I came across a DB with thousands of tables.
A process was run where a master stored procedure was run that triggered another 10 stored procs.
Each stored proc generated a dynamically named table, dynamic sql to populate and update the tables, index them etc.
There was some bizarre conditional logic that populated then stripped out certain records from tables, again all dynamic. Each proc was hundreds, if not thousands of lines long.
It took a long time to work out what was going on and what those procs were actually trying to do. I deduced a number of things
- Many of the tables could have been a common shared reference tables.
- The total number of tables could have been 27 partitioned table, not 4,500 and rising.
- The dynamic SQL was only needed because of the table generation approach
- The approach of building orchestration using stored procs should have been handled by an orchestration tool.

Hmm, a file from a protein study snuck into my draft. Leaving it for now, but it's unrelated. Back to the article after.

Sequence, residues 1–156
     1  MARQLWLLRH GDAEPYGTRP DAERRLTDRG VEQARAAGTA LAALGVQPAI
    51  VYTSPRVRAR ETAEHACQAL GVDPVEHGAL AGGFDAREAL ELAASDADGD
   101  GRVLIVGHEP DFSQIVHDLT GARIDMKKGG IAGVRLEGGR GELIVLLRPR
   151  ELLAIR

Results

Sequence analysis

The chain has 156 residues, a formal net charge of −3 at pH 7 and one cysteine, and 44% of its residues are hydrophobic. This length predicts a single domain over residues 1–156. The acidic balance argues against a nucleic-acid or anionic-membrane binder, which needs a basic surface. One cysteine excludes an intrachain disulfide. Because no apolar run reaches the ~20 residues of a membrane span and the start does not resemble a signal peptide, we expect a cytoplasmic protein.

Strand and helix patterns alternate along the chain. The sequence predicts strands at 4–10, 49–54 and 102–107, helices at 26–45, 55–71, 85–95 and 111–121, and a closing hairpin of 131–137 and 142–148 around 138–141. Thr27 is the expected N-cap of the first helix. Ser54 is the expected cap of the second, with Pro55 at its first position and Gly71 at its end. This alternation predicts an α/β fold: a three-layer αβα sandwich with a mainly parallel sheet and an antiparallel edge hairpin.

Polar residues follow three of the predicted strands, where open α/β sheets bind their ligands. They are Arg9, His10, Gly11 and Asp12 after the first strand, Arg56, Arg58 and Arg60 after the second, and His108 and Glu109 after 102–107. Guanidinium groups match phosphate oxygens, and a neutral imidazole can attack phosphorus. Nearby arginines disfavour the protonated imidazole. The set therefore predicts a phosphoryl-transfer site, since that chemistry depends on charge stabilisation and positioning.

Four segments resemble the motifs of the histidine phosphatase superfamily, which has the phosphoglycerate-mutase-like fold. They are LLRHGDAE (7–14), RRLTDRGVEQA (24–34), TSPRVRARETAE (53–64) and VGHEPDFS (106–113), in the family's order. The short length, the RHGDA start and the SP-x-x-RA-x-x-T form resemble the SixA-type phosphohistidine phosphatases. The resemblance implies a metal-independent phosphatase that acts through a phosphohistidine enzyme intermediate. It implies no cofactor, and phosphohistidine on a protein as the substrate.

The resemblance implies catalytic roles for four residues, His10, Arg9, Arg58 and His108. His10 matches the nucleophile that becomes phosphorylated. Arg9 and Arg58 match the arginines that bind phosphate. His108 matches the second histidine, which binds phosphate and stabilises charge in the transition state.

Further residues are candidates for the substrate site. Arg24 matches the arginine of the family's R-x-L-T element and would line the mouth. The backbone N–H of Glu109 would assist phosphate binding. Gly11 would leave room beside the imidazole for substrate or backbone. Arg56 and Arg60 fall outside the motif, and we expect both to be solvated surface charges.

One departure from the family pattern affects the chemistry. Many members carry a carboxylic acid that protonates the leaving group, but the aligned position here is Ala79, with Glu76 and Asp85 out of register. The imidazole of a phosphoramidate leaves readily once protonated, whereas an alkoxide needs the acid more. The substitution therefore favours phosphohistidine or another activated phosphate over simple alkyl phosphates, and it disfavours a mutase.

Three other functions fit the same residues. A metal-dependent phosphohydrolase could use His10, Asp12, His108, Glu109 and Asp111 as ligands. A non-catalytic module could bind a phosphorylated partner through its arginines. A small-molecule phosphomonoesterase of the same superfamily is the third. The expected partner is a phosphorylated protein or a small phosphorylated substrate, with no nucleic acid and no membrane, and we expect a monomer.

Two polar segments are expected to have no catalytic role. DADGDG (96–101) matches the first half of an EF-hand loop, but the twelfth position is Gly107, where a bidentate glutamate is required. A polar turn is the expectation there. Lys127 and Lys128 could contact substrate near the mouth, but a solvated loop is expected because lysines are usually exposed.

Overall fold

- The stored procs could have been more kindly described as "applications"
- About 50% of the code in the stored procs did not need to exist, even if the design flaws were left in place.
- The home built logging solution should have been taken out shot, burnt, its ashes mixed with salt and dumped into the Mariana Trench.
The worst part was the team realised their approach guaranteed them job security and were highly resistant to anything that simplified the process. I now know why incoming CTOs in web companies tend to burn the existing stuff to the ground rather than try and fix it.